We need net "radio" that pulls its content, as-needed, from a P2P sharing space.
The "broadcaster" would really just provide an ever-refreshing playlist, a window on the last X minutes of contiguous content, with reliable (hash) identifiers naming each segment of media to play. "Tuners" would fetch the playlist, and scour any and all available sources for matching content fragments, grabbing them seconds to minutes before they are needed, playing them for the local listener in order and without gaps, resharing them for as long as possible, discarding them when necessary.
Some of the fragments might be content that is already widely available (popular tracks), perhaps listed as a series of acceptable alternates, while other fragments would be custom content, recorded and shared out over P2P networks nearly-live.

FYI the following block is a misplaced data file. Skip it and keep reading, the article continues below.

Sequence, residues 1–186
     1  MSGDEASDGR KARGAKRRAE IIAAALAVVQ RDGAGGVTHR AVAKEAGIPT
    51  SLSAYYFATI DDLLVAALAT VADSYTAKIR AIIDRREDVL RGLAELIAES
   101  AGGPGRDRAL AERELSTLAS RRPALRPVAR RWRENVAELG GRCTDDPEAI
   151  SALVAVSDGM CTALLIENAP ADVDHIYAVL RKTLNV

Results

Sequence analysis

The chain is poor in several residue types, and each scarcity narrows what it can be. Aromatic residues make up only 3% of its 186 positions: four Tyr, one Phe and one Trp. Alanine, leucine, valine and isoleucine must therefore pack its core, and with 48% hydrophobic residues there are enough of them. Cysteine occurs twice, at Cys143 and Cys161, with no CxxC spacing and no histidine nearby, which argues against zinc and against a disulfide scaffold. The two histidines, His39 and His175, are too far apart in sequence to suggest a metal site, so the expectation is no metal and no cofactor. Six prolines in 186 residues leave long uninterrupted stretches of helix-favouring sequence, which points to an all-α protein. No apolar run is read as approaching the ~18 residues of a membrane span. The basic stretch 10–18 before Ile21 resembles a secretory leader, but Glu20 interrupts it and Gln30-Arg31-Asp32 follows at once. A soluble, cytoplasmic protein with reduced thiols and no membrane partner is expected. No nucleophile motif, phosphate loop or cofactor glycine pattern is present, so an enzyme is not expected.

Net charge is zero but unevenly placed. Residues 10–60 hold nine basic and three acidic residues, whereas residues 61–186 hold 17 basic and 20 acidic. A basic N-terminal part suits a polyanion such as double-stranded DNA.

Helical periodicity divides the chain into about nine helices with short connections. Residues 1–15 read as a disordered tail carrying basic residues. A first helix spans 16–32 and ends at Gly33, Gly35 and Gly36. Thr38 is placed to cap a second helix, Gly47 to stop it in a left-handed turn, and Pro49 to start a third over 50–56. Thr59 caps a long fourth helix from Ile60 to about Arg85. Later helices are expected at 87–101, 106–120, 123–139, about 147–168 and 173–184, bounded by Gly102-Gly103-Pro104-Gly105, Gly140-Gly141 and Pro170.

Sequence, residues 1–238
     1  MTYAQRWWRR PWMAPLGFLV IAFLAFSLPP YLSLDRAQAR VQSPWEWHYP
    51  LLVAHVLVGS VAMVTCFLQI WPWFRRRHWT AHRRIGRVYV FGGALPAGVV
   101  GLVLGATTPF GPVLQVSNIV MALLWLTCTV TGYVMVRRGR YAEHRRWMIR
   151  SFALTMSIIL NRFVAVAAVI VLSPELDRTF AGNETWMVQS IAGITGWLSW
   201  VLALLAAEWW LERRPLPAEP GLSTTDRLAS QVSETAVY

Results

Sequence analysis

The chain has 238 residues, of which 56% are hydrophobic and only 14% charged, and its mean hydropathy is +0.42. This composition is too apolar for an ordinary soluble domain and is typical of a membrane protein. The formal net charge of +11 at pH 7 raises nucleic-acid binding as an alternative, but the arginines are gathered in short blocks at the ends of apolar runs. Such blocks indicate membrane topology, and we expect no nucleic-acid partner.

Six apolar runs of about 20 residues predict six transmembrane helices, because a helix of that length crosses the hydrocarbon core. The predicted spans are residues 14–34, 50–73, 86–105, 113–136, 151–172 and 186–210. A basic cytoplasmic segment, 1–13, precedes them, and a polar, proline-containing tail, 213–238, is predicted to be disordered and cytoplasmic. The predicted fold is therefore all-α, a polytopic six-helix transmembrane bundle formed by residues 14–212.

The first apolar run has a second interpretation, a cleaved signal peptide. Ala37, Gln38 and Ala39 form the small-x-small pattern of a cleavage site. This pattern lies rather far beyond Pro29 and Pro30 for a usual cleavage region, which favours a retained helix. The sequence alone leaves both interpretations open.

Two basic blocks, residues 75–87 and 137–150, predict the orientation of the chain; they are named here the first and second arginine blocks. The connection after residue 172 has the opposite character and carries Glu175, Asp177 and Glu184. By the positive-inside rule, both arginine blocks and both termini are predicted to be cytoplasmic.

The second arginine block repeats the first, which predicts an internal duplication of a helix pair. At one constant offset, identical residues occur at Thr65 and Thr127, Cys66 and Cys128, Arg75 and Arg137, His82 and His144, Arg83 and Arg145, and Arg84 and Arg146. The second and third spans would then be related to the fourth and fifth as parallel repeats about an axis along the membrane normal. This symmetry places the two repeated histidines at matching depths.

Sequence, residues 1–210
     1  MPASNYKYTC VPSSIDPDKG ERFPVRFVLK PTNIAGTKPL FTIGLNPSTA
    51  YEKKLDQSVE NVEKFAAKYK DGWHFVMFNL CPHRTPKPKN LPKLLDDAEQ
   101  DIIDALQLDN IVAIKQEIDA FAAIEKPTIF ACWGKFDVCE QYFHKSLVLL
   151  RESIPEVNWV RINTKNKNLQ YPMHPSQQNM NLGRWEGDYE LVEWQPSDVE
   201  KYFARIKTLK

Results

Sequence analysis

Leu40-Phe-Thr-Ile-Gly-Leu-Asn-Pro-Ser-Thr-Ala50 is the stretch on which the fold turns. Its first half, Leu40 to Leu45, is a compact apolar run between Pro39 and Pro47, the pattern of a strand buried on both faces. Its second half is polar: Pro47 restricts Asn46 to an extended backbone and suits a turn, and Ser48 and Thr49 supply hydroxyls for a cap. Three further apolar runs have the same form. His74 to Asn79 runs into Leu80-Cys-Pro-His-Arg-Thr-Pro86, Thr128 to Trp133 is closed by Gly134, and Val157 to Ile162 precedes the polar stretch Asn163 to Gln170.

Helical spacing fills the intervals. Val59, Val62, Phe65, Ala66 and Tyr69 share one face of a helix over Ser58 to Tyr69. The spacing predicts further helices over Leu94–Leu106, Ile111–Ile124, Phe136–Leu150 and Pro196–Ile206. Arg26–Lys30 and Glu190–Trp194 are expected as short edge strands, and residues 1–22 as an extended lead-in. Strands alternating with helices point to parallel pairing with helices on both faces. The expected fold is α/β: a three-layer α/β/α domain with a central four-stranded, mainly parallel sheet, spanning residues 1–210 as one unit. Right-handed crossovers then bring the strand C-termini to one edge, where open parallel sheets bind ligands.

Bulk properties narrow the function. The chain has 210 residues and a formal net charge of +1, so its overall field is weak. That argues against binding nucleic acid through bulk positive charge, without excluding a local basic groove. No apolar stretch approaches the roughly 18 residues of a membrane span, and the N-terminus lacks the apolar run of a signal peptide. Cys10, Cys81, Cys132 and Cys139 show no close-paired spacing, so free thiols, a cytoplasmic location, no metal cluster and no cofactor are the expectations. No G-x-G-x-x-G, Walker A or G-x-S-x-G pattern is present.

Call it "Judio", for "Judo-radio", because it emphasizes the use of a tiny, smart control channel to leverage a giant amount of content on outside networks. Generalization to video or other media content is an obvious extension. Latest-on-top blogs/feeds are the new broadcast networks, and all that jazz.
Gnutella and other P2P networks could conceivably be (or grow into) the role of being the content-cloud.
Would a station publishing such a playlist require a broadcasting license for the copyrighted content to which they refer? They are not making any copies; that is left up to the listeners.